Tom Hay

British fishing policy since 1973 has been determined by the political imperative of European integration. The objective is to create an EU fishing fleet catching EU fish in EU waters under an EU permit system controlled from Brussels.

UK fishermen have paid a huge price for the EU élite’s dream of European political union. Indeed, nothing – not even the conservation of fish stocks – has been allowed to stand in the way of achieving that objective.

The British fishing industry has therefore being intentionally and systematically destroyed by the command of Brussels, through the Common Fisheries Policy (CFP), aided and abetted by successive UK governments. To conceal the real issue and say that the policy is driven by  conservation issues is a contemptible lie. But lies are the rule rather than the exception when dealing with Brussels on this issue.

It took until 17th December 1997 for the appalling treatment of our fishermen finally to be aired publicly in the House of Commons. Christopher Gill, Conservative Member of Parliament for Ludlow, said: “For 25 years, the House of Commons and the people of Britain, not least the fishermen, have been fed a diet of half-truths, deceptions and downright lies”. He was absolutely right. The supporters of this pernicious plot in desperation to conceal their intentions, parrot the sickening nonsense that there are too many fishermen chasing too few fish. This is another lie, and nothing more than a cynical front to justify drastic reductions in the British fleet to create room for the free access of other Member States’ fishermen, particularly Spain, to the only commodity in the European Union regarded as a common resource.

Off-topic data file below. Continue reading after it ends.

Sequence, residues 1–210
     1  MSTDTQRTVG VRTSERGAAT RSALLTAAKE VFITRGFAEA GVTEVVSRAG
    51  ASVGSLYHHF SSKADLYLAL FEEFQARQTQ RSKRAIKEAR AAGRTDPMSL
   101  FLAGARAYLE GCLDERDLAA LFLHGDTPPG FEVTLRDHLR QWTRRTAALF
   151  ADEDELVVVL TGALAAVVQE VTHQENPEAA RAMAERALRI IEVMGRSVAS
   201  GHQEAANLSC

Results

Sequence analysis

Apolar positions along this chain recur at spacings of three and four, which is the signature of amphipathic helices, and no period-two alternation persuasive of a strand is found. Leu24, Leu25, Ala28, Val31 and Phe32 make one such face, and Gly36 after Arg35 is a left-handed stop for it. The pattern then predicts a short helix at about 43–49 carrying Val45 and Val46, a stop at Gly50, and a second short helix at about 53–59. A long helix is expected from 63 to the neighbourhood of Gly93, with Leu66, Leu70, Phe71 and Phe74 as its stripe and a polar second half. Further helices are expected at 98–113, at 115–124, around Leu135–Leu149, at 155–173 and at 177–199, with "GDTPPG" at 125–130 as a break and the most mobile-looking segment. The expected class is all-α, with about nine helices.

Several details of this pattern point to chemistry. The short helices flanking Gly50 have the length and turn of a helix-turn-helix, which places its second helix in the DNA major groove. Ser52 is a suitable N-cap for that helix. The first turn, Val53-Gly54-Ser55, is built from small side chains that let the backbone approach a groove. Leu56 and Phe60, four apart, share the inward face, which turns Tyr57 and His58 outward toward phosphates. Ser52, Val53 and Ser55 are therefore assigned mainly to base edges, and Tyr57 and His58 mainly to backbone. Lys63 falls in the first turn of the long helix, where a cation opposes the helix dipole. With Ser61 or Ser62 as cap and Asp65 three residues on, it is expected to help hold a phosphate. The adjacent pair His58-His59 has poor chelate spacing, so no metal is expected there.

Furthermore what they don’t tell us is the fact that 50% of the British share of European Union quota allocated in 1983 is now in the hands of Dutch and Spanish flag ships. So how can there be too many British fishing vessels chasing too few fish within the British sector of Community waters which contains three-quarters of the fish within “EU waters”?

The statistics speak for themselves. In the decade from 1995 to 2005, the number of British vessels fell from 8.073 to 6.716 while the number of fishermen fell from 19,044 to 12,647 – a decline of over one third.  The provisional figures for 2015 are 6.187 vessels and 12,107 fishermen. The effects of this decline can be seen in places like Peterhead – once a premier fishing port but now a run-down town with boarded up shops and only around one tenth of the white-fish vessels of former times. It is a similar scene in many once-prosperous UK coastal towns.